But what if a customer has already used Slack to improve their company culture? They might scroll down and see "Expanding a media company's brand awareness with Shared Channels in Slack."
That, they might say, is very interesting.
And capturing interest like that is a great way to promote your other products, additional services, or higher subscription levels. The more value you can provide to your customer with those options, the more likely they are to use your product to find success.
Putting It Into Action
If you don't already have a library of case studies representing a wide range of use cases, start planning one. Make a list of different ways customers might use your product or service, and then list clients who are doing that.
Once you've created these case studies, use them in your proactive outreach to make sure current customers see (and get inspired by) them.
4. Publish Deep Content That Addresses Specific Needs
When content marketing was young, companies would put out as many short, superficial blog posts as they could, hoping they'd get SEO and marketing benefits.
But content has come a long way. And it's no longer just the purview of marketing. Let's take a look at why that's important.
In the early days of digital marketing, 500-word blog posts were fine. That's what everyone was doing. That doesn't work anymore (for the most part). Today, long-form content is in. This content helps people solve problems by providing detailed walkthroughs and other information.
And while much of the content lifecycle is driven by marketing, other groups within companies are starting to catch on. For example, customer support groups now create online support content to answer common questions. Clients don't have to get in touch, saving everyone time.
Customer success teams can do the same. When they're involved in creating highly valuable content, customers benefit.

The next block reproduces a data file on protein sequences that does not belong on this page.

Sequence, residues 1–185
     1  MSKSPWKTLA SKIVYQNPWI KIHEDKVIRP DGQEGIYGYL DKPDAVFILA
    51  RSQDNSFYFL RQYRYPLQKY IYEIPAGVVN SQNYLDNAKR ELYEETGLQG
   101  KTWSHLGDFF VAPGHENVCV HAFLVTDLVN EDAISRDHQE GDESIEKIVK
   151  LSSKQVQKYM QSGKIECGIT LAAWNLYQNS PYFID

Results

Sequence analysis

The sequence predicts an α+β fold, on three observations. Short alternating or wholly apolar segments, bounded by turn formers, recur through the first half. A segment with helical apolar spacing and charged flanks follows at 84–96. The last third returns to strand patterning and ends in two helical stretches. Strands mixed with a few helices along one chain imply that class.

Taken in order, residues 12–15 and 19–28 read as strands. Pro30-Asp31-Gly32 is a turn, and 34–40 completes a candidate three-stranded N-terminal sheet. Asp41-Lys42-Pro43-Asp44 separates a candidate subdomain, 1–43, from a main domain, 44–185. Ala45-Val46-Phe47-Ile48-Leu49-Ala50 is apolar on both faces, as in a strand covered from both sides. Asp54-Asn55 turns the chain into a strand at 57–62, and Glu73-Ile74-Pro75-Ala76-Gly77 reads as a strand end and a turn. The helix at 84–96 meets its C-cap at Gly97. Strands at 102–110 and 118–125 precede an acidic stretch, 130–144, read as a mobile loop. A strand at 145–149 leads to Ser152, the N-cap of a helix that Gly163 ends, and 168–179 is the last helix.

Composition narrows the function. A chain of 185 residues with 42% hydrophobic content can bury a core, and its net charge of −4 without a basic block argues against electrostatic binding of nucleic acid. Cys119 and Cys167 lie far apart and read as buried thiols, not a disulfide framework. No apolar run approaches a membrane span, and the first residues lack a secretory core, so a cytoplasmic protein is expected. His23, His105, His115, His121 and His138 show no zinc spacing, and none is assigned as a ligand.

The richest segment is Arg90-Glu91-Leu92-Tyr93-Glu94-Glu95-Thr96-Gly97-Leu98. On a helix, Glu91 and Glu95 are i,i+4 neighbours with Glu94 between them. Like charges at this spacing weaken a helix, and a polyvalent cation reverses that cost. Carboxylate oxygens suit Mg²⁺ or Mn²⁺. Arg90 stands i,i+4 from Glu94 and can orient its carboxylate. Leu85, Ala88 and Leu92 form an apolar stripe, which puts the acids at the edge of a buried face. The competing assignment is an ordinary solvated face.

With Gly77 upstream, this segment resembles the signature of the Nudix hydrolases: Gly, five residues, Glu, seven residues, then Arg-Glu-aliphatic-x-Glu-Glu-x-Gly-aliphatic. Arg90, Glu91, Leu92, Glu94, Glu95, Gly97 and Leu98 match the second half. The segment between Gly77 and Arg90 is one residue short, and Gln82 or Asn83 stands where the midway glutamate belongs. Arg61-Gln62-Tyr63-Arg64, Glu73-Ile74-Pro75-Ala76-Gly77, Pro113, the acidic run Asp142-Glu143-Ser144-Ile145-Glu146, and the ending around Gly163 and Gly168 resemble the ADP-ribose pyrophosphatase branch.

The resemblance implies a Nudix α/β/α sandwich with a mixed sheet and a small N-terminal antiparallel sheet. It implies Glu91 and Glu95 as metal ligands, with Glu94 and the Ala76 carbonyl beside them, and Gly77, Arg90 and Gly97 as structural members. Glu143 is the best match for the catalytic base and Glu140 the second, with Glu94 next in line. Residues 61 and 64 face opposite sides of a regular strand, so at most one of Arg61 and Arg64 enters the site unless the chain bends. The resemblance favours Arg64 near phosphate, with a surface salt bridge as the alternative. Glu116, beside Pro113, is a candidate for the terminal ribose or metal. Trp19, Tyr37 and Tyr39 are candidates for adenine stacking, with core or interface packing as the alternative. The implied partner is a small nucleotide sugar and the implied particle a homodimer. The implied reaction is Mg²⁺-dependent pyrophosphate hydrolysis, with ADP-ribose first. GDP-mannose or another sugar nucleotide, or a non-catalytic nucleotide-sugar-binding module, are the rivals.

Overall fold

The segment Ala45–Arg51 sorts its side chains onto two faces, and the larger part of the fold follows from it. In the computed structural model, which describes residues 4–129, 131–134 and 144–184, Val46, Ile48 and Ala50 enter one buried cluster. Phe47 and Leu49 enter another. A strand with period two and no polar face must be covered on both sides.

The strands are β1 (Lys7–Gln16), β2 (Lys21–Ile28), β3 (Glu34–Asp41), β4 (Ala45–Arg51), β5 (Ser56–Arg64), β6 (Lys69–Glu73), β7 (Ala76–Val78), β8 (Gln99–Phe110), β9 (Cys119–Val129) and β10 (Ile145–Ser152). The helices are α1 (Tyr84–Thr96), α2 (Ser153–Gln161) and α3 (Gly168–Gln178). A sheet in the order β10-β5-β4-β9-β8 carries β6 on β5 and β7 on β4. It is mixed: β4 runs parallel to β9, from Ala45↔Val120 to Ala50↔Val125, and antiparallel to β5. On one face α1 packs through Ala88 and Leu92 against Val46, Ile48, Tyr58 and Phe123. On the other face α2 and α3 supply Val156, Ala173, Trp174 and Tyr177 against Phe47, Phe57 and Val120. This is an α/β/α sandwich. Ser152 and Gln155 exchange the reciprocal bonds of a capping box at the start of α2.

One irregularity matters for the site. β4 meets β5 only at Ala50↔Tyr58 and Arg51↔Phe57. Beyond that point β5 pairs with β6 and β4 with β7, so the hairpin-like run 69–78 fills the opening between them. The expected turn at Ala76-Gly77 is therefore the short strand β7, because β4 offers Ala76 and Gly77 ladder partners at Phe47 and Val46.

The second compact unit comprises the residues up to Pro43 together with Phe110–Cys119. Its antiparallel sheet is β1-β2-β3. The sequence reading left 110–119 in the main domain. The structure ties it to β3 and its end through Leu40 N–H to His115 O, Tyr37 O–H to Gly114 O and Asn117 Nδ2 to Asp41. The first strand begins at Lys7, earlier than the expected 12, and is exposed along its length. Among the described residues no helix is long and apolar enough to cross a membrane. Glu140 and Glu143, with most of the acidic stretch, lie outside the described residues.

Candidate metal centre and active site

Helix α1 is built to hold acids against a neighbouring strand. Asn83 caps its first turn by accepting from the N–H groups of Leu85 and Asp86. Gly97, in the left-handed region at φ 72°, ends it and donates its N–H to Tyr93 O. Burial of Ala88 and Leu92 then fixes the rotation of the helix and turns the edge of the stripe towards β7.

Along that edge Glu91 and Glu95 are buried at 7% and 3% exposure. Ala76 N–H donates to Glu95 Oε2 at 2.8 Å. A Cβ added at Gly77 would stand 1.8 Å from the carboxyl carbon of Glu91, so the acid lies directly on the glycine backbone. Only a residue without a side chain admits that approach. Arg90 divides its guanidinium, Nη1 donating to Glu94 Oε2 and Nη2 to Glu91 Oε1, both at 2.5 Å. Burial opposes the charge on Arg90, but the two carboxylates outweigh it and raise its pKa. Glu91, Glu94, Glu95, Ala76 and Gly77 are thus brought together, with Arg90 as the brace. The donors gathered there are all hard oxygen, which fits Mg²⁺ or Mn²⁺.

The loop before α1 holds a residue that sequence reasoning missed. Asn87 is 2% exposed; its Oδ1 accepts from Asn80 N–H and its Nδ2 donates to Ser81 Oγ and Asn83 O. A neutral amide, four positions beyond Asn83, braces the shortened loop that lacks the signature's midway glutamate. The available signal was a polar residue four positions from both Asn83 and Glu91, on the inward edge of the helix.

Amazon Web Services (AWS) opts for 10-minute video tutorials:
CSMs may have spent hours going through all of this information with each new client—but instead, clients can now head to the tutorials page and find the information they need. Only if it's not there would they continue to their customer success rep.
Of course, addressing people's needs doesn't mean just focusing on how to use your product. If you sell a small business sales platform, you can write blog posts about how to run a small business and the importance of a cohesive sales team when you're fighting against bigger competitors.
Putting It Into Action
Much like point #1, putting this point into action is all about understanding your customers. Ask your CSMs—and your clients directly—what issues are important to your customer base.
You might get the same answers you'd expect: scalable growth, boosting revenue, and so on. But every once in a while, you'll get a surprising response. Addressing that concern with long-form content will not only show your customers that you understand them but also help them be more successful without adding to the burden on your CSMs' shoulders.
5. Reach More People With Video, Webinars, and Social Media
Articles and blog posts are still important, but other types of content have become increasingly popular. And that comes with a lot of great opportunities for customer success teams.
Video has become increasingly popular for reaching people online—for any reason. Webinars let you connect with your audience and interact with them in real time.
(Which is why Quickbooks runs multiple webinars every week to help customers learn how to use their software.)
Social media gives you access to a wealth of information about your customers and helps you answer questions before they become big issues.
And there are lots of other ways to reach your customers. New marketing and communications technologies show up all the time. New content delivery methods become popular as more people see their value.
It's up to your customer success team to make use of those technologies and content delivery mechanisms to help your customers succeed.
Putting It Into Action
Try new things. If most of your customer success content is on your blog, run a live stream tutorial. If you have a lot of videos, trying converting them to text and sharing them on social media.
You never know which type of content will resonate with your audience, so keep experimenting. And—many companies forget this part—ask your audience what they want from your content.
Send a survey to your email list, reach out on social media, include a couple choices in your product feedback form, and use any other method you can think of to learn more about the types of content your audience wants.
Use Content in Ways That Work for You
These five methods are great for getting started on customer success content. But there are as many ways to use content as there are companies. Experiment with different options to see what works best for your company.
To make it easier, start with one or two of the five points above. See how your customers react, ask them what they'd like to see in the future, and continue building your customer success content.